The efficiency of robot hardware is being optimised by the relentless development of software. Steed Webzell reports on this rapidly evolving technology area

There are countless drivers in robot software at present, all of which are intrinsically linked to hardware design. Indeed, according to industrial robot specialist Comau, to achieve the best performances, robot designs must be based on a cross-functional approach. 

“The ability to simulate and program robots offline enables us to find the best hardware and software combination for specific automotive applications,” says Comau’s engineering director Enrico Mauletti. “Among the biggest drivers in robot development software at present are safety, Human Machine Interface [HMI] capabilities and dedicated application software. Bearing in mind that Comau is usually able to conduct 100% of its programming offline, there is a limited need for complex programming in the field. However, one of our objectives in furthering the development of the HMI is to adopt a more user-friendly approach.”

Going offline

Offline programming is a key sector trend and is the primary reason why Visual Components and Stäubli Robotics have announced a new collaboration. A Stäubli add-on now connects straight to the CS8 controller in the Stäubli Robotics Suite, enabling users to create VAL3 programs directly in simulation. The robot program can then be downloaded and verified. Underlining the trend, Toshiba Machine has also announced a partnership with Visual Components that will deliver a simulation suite to permit the modeling of robotic applications. According to Toshiba, offline programming capability provides flexibility by allowing the user to analyse and optimise. Programs can be created directly in simulation, post-processed and sent to a real system. This way, users can see from the simulation how to cut down on waste movements and save material costs. The software can be used by production engineers and manufacturing management, and doesn’t require special skills, extensive training or software programming knowledge.

Sean J Murphy, Fanuc Robotics UK’s regional sales manager, agrees that ease of programming is essential in automotive environments. “Robotic tasks are often complex and so need to be programmed easily and – more importantly – understood easily,” he says. “The Fanuc robot operating system does not use a typical domestic operating system such as Microsoft Windows, adding security as the robots are not susceptible to external threats and viruses.” Murphy can recite many instances where the development of software applications has, in fact, eliminated the need for hardware. For instance, Fanuc Robotics says it was the first to develop high-speed collision detection software, which has reduced the need for additional external collision sensors. Other software breakthroughs include dual check safety functions that increase operator safety, improve cycle times and reduce floor space.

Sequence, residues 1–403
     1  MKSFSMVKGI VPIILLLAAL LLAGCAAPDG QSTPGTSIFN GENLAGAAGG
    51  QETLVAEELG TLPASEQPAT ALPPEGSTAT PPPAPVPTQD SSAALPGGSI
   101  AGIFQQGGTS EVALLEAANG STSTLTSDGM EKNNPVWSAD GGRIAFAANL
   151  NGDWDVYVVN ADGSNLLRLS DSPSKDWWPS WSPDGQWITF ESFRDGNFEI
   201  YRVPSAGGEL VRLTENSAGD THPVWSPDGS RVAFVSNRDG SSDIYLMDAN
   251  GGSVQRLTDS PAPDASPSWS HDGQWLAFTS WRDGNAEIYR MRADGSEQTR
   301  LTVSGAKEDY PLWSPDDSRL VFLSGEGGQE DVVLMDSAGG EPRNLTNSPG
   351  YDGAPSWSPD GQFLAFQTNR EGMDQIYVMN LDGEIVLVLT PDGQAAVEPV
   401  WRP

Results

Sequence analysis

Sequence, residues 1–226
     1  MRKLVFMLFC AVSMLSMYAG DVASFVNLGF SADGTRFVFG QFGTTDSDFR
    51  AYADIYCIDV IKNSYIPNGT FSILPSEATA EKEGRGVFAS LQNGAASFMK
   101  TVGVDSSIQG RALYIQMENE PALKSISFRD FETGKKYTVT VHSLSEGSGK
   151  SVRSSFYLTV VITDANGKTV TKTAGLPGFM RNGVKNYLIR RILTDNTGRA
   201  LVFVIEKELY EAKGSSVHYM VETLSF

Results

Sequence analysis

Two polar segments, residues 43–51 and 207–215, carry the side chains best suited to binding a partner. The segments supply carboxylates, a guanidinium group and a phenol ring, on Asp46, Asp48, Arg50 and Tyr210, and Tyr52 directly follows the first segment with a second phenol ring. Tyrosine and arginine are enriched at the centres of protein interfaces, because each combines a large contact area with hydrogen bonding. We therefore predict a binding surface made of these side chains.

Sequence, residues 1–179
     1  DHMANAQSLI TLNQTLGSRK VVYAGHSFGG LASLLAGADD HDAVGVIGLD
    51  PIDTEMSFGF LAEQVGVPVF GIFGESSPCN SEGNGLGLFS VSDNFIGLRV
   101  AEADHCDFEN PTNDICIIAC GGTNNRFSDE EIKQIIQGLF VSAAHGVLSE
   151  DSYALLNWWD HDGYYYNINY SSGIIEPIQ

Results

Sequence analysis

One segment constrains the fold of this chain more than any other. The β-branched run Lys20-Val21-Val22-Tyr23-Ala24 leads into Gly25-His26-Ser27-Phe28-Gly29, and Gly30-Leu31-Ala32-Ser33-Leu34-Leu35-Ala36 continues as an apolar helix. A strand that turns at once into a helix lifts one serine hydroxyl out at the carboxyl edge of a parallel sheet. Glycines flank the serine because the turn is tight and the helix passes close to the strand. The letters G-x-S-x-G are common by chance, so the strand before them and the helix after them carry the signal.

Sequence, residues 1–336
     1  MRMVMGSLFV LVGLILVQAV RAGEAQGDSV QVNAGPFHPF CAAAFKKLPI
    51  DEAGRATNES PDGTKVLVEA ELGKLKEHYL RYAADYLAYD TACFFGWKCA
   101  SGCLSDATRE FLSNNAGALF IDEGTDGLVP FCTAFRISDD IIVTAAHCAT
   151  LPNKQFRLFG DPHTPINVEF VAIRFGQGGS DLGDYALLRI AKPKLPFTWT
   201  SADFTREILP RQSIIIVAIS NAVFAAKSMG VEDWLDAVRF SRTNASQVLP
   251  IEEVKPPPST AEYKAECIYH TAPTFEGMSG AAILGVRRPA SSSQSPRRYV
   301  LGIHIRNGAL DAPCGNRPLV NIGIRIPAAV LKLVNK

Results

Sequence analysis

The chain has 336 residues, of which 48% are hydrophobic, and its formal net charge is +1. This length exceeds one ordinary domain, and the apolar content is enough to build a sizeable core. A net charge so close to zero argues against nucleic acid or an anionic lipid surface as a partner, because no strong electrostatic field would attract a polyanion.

Look who’s talking

Software that will allow industrial robots to ‘converse’ with people is being developed at the University of Aberdeen in Scotland. The code will be used to help robots complete tasks more efficiently and could pave the way for human-torobot business meetings. Computing scientists behind the development – which is funded by a £1.1m grant from the UK’s Engineering and Physical Sciences Research Council – say they hope the new systems will build trust between machines and humans, and increase efficiency – both operationally and financially – across industry.

Dr Wamberto Vasconcelos from the University of Aberdeen’s School of Natural and Computing Sciences says: “Robots can quickly process huge amounts of information when deciding how to act. However, in doing so, they can make mistakes which are not obvious to them or to a human. Evidence shows there may be mistrust when there are no provisions to help a human understand why a robot has decided to perform a specific task, at a particular time, in a certain way.”